Written by Isaiah Banda
Year after year, we find ourselves in total awe of the seasons which slowly phase in and out consistently. Just when you get used to the sepia tones of the landscape, the fresh mornings, the bare trees and the seasonal species – it’s time to welcome something new. Each season brings with it its own identity and unique beauty. Each month offers something different, and every season unravels new palettes of colour and greets returning migratory species. Dombeya Rotundifolia is already in full bloom, this is the first tree to start flowering after winter. This month we are over the hump of 2021 and are heading towards the end of the year. We also received our first summer rain with 18mm. The last rain we received in August was in 2014 which was about 1.5mm.
There is a particular season which you just can’t get enough of – and for many of us, this is the summertime. As we approach our warmer months and embrace all the magic that summer holds.
Witnessing the green flush of the Mabula landscape, the smell of energising summer rains on African soil and of course, basking in the delicious warmth next to the pool. Let every day start with an amazing safari drive and indulge in a delicious breakfast with lots of variety to choose from after your safari. Once again, this month we are spoilt with an array of winter varieties provided by the magnificent Mabula bushveld. We had some amazing sightings of the cheetahs, wild dogs, lions, elephants, leopards and general game.
What started out quiet one-afternoon safari turned out to be one of the most exciting afternoons yet. We stopped briefly at Kai dam picnic spot for a sundowner with another vehicle already there, while our guests were watching hippo on the other side of the dam on the bank, we heard impala alarming at something not too far from where we were. With the intensity of the alarm, we were sure that they had seen a predator. Guest Karin Leith was at the right place with her camera to capture all the pictures and shared them with us.
It was the leopard female and two cubs. They moved southwards on the western bank and bumped into a hippo out of the water. We were spoiled with a mother leopard and her two cubs at Kai dam. Recently leopard sightings in this area of the reserve have been amazing
They interacted with a hippo for an hour. It was amazing to see that, especially between leopard and hippo. The hippo went into the water and the leopards moved south and chased an impala into the dam and followed on top of the dam wall as she swam across. Eventually, the mother leopard attempted a kill the impala on the edge of the dam near the sundowner Lapa. The impala got into the water to swim and get away from the leopard, eventually, it died in the water from drowning.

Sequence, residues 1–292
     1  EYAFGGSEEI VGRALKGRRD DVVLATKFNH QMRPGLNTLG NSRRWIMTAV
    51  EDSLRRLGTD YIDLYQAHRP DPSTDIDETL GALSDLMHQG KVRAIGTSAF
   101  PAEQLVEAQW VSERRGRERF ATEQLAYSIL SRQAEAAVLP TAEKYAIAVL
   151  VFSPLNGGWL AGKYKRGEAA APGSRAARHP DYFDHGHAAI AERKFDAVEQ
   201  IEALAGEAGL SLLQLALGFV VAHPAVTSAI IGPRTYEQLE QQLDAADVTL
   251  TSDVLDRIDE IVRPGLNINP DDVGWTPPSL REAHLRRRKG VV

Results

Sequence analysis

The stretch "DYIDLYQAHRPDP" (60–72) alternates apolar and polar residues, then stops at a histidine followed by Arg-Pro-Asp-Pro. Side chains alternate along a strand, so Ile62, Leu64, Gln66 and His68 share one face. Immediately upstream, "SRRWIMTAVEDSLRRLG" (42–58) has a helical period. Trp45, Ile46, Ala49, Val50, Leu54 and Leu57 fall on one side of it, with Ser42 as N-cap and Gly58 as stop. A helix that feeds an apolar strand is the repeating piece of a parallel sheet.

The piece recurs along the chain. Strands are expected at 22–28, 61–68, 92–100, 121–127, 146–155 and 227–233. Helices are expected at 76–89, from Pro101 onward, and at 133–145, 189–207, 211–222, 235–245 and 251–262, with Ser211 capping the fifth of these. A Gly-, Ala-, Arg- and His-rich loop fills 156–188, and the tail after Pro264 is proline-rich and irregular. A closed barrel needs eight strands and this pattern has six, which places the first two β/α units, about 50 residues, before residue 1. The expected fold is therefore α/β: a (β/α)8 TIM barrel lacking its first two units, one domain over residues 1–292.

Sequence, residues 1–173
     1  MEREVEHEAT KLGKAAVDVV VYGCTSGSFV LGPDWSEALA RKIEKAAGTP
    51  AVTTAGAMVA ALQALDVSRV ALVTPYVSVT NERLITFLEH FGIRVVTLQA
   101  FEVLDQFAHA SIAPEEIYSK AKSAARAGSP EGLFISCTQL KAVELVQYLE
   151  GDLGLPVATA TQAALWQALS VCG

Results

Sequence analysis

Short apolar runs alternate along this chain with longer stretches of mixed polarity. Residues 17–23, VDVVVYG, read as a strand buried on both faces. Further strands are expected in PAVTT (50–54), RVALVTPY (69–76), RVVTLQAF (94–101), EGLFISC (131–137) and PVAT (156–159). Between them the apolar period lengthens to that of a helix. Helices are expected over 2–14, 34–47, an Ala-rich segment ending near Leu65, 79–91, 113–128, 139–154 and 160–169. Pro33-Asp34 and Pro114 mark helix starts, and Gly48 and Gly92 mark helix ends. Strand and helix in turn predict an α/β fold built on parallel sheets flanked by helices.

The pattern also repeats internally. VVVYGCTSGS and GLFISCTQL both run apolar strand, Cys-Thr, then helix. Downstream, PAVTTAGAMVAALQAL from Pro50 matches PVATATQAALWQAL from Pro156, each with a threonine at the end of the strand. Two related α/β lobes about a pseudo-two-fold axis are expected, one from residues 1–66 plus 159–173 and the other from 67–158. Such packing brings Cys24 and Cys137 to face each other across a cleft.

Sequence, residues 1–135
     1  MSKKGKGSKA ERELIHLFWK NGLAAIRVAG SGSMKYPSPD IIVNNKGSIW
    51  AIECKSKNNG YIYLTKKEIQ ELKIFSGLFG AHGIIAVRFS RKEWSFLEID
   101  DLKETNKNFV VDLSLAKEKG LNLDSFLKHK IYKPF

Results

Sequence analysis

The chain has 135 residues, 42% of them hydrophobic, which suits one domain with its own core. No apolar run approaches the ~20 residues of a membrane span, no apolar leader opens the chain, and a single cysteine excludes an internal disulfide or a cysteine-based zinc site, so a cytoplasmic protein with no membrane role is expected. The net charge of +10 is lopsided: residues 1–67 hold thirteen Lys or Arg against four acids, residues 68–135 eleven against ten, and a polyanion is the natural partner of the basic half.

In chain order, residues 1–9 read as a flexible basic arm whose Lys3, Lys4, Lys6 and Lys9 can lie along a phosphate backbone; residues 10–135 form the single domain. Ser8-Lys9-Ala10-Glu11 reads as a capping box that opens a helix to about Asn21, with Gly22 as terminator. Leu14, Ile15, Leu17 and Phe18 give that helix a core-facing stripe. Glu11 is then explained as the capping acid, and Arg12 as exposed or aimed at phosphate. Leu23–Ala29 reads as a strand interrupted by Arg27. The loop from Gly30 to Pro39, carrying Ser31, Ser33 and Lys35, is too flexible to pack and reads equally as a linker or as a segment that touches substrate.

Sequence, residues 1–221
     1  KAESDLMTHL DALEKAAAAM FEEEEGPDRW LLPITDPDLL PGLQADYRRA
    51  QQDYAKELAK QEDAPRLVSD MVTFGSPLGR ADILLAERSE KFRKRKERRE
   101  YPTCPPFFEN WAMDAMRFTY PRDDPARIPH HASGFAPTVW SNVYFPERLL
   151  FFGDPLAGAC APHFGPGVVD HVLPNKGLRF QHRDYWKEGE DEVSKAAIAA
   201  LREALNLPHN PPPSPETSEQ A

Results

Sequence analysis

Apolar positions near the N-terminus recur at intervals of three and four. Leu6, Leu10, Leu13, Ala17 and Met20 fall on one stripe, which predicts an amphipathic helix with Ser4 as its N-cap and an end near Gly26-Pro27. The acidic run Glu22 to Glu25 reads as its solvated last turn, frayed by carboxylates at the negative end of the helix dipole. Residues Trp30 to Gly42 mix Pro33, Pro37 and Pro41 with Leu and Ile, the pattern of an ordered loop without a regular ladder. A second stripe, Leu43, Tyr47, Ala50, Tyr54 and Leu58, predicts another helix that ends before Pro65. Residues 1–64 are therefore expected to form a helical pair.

While this was happening, the wild dogs arrived and looked on from the southwest corner of the dam. They soon disappeared though. Wild dogs are now an integral part of the experience at Mabula and provide some spectacular opportunities to spend on safari with them.
It is now over a month from when the wild dogs arrived on the reserve, and they have moved to every corner of this reserve. So far it looks like they are enjoying their stay. They have provided spectacular sightings for our guests. We have seen they have spent most of the month on the southwestern part of the reserve where they have been successful with hunting. The best way I can describe following wild dogs on the hunt is that it’s like being on a rollercoaster – sometimes quite literally as we get up to some unruly speeds trying to keep up with them! It’s an exhilarating experience. Not to mention that just seeing these rare carnivores is something quite special. The tempo that they operate with on a hunt is almost tangible and often requires an icy whisky and coke afterward to settle the nerves.
One of the best sightings this month was seeing them at Kai dam chasing an impala ewe and she was cornered and had no choice but to go inside the dam where she drowned. They were also successful in bringing down a wildebeest, two of them bringing down adult wildebeest was amazing. Impala have been in trouble with cheetahs, leopards and wild dogs this month.
The word carnivore in Mabula instantly conjures images of long canines and sharp claws – powerful predators like lions or cheetahs, capable of rending flesh from bone or enthusiastic wild dogs coursing after their equally speedy prey.
Aardwolf also stole the show this month, a very shy mammal although common on Mabula. They are normally found on rainmeter plains and on champagne breakfast area, however recently we have seen them spreading to other areas of the reserve such as long and winding. The aardwolf (Proteles cristata) is a member of the Hyaenidae family, along with the spotted hyena (Crocuta Crocuta), the brown hyena (Parahyaena brunnea) and the striped hyena (Hyaena hyaena). Of all the hyena species, the aardwolf looks most like a striped hyena, though this is where the similarities end. Aardwolf (Proteles cristata) is not related to aardvarks or wolves, it’s the smallest member of the hyena family.
They have long, pointed ears, slender skulls, and long necks. Like all members of Hyaenidae, they have front legs longer than their hind legs, giving them a sloped stature. Aardwolves also have a distinctive mane that grows from behind their heads to the tips of their tails and black stripes running across their cream-colored bodies. Unlike other termite-feeding animals, like the anteater and the aardvark, aardwolves don’t dig up their prey. It lacks the claws needed for digging. Instead, it laps up termites from the ground using its long, sticky tongue.